Paediatrics seems to be a specialty of two sides. Although I did a four week paediatrics rotation last year, it hadn't really struck me until now. Ever since I have told people that I am considering a career in paediatrics I have been warned me that paediatrics is frought with sad cases, but I have tended to brush that off. I don't know whether I was sheltered during my first rotation or just oblivious to it. I suppose I was probably caught up with the novelty of it and being let loose on real patients.
One one hand you have the children who come in really unwell and a few days later bounce back and get discharged. Like the classic bronchiolitis case who comes in on day four of the illness, you know that by day seven or eight he is going to be back to his normal self with nothing but a bit of oxygen and maybe some fluids in the meantime. These cases put a smile on your face because when they are discharged you know that they are going to make a full recovery and that the parents will thank you for the amazing treatment their child has had.
On the other hand you have the murky world of child protection and mental health. I've seen some very sad cases on the wards. The ones that have struck me the most are the three cases of paracetamol cases in young girls and a young mother poisoning her baby by breastfeeding. The case of breastfeeding is really sad, the mother takes recreational drugs but is also trying to be the best mother she can by breastfeeding. Unfortunately this means that she is poisoning her new born child. The mother was clearly trying to do the best she could for the child but this poses a dilemna to medical staff. Should the baby be allowed to return home with the mother, even if the mother stops breastfeeding having a drug addict as a mother is not good for the child. On the other hand the mother clearly cares for the child because breast feeding is much better than bottle feeding and she took the time and effort to do it.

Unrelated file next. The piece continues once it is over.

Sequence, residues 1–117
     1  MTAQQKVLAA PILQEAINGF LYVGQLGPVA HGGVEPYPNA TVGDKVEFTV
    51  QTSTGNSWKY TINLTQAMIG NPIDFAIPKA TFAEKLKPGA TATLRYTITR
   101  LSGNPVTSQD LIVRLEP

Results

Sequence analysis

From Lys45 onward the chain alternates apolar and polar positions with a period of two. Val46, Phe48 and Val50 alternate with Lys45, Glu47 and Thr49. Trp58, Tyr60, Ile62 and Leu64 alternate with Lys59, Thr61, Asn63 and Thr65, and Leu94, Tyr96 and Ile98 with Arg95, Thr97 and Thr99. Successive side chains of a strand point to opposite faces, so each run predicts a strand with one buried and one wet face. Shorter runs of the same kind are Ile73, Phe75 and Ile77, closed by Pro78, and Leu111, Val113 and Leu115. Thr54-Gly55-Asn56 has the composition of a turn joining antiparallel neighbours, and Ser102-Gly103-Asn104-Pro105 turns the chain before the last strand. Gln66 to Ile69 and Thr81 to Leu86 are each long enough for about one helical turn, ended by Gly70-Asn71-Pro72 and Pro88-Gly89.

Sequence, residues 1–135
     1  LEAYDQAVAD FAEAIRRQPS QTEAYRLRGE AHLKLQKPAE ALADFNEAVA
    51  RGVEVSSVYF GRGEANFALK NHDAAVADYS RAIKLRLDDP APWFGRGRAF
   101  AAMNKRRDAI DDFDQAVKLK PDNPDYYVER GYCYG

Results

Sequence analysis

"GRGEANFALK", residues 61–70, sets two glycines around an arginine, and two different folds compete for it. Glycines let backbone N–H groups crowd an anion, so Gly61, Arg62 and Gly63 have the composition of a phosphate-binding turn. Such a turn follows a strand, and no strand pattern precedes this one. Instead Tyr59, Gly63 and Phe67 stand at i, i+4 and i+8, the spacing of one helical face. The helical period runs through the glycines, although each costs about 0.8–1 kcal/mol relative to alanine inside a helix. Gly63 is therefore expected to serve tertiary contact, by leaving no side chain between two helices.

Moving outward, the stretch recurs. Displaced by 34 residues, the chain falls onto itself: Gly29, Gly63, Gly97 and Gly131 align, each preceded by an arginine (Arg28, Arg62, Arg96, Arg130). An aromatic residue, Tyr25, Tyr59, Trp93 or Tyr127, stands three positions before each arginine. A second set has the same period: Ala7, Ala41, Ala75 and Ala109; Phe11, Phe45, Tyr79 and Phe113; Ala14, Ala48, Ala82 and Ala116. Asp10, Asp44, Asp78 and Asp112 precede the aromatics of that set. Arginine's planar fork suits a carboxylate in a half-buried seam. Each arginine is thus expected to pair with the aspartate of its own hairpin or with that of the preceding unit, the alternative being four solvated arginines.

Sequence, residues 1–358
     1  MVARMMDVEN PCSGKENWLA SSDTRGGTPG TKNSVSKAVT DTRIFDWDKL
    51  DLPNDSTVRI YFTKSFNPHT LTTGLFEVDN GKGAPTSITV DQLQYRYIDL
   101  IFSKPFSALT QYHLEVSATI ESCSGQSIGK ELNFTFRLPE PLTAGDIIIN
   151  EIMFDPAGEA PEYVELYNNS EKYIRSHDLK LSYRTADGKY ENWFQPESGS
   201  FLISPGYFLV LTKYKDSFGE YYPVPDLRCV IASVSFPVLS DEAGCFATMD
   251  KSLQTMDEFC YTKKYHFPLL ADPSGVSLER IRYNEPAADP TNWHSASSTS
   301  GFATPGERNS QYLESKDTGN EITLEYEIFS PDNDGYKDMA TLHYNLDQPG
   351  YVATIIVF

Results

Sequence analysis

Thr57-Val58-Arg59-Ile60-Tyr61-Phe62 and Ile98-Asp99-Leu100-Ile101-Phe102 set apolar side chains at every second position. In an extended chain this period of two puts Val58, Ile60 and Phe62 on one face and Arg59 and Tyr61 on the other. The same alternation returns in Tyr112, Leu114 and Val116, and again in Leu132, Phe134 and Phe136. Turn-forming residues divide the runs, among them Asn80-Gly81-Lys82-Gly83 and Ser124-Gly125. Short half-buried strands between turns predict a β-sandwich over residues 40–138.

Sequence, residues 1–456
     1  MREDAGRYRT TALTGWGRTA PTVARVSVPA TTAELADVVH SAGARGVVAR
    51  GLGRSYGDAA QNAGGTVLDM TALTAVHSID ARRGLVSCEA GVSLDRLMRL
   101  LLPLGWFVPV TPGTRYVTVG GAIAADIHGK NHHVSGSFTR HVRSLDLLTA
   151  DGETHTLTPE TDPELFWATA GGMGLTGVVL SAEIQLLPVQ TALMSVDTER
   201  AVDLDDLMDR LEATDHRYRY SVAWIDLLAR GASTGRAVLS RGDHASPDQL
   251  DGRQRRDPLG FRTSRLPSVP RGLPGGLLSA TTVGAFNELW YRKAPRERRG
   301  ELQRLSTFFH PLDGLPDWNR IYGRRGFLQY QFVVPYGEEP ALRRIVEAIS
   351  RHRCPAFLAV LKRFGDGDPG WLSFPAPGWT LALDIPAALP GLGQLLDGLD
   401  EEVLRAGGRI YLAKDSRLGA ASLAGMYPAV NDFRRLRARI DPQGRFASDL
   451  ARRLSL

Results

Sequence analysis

The cases of paracetamol overdose had a greater effect on me. I have a younger sister who is a similar age to all of these girls and seeing them lying in bed with cannula's in their arms, having tried to take their own lives was heartbreaking. It really made me think what has happened to these young girls that they feel bad enough to try and take their own lives. While these girls were lying in bed looking up at me, I thought what really differentiates these girls from my sister. They have their whole lives stretched out ahead of them and yet only a few hours ago all three of them independently made the decision to end it.
My six weeks of paediatrics has now come to an end. Although these sad cases have taken some of the shine off my initial impression of paediatrics, it has in other ways strengthened my resolve. For in these cases you are literally giving someone their life back, they may not thank you for itat the time but hopefully they will come to terms with what has happened. In very few other specialities do you get the opportunity to give someone so many extra years of life and for that reason I still prefer paediatrics over the other specialities I have experienced so far.